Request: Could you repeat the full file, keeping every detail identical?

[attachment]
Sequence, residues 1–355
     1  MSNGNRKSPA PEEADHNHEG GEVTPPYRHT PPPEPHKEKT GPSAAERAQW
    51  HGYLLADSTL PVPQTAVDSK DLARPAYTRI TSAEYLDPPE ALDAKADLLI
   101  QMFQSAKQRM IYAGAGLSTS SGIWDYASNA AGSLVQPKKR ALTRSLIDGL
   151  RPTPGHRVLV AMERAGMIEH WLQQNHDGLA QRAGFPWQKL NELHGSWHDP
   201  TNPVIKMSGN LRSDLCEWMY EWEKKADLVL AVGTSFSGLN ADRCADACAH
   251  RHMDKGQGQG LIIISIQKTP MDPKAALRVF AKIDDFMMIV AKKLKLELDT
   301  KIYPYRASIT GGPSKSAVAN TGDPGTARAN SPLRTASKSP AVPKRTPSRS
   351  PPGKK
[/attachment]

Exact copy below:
Sequence, residues 1–355
     1  MSNGNRKSPA PEEADHNHEG GEVTPPYRHT PPPEPHKEKT GPSAAERAQW
    51  HGYLLADSTL PVPQTAVDSK DLARPAYTRI TSAEYLDPPE ALDAKADLLI
   101  QMFQSAKQRM IYAGAGLSTS SGIWDYASNA AGSLVQPKKR ALTRSLIDGL
   151  RPTPGHRVLV AMERAGMIEH WLQQNHDGLA QRAGFPWQKL NELHGSWHDP
   201  TNPVIKMSGN LRSDLCEWMY EWEKKADLVL AVGTSFSGLN ADRCADACAH
   251  RHMDKGQGQG LIIISIQKTP MDPKAALRVF AKIDDFMMIV AKKLKLELDT
   301  KIYPYRASIT GGPSKSAVAN TGDPGTARAN SPLRTASKSP AVPKRTPSRS
   351  PPGKK